Commonplace Book

Charlotte Perkins Gilman on Death

“It is told that Buddha, going out to look on life, was greatly daunted by death. ‘They all eat one another!’ he cried, and called it evil. This process I examined, changed the verb, said, ‘They all feed one another,’ and called it good. Death? Why this fuss about death? Use your imagination, try to visualize a world without death. The first form of life would be here yet, miles deep by this time, and nothing else; a static world. If birth is allowed, without death, the resulting mass would leave death as a blessed alternative. Death is the essential condition of life, not an evil. ”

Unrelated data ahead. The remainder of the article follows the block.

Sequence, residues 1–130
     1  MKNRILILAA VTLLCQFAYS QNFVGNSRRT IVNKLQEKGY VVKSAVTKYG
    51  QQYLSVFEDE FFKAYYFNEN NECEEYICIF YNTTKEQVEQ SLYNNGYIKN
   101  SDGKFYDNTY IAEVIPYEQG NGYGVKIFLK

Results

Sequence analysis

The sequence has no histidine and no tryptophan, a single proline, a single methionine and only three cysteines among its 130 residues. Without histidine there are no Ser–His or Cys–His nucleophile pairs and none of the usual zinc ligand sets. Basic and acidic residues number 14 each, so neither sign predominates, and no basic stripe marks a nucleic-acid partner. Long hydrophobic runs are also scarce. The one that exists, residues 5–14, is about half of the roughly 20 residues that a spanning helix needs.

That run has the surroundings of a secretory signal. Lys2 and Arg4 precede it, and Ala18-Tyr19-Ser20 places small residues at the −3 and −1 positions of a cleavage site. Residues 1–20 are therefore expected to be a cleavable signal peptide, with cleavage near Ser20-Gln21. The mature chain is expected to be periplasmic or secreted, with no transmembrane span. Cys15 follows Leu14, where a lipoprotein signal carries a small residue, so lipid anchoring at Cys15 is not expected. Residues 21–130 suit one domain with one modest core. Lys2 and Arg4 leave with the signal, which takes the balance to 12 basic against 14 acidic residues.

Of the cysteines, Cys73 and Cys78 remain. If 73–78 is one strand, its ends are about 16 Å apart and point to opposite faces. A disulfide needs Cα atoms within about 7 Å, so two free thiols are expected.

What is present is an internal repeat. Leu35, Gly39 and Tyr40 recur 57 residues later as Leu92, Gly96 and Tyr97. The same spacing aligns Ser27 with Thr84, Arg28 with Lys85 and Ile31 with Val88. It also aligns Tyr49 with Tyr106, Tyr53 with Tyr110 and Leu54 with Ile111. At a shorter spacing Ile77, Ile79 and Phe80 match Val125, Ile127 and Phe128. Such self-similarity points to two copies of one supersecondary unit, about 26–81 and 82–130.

— from page 40 of The Living of Charlotte Perkins Gilman, the posthumously published 1935 autobiography of Charlotte Perkins Gilman, author and lecturer.

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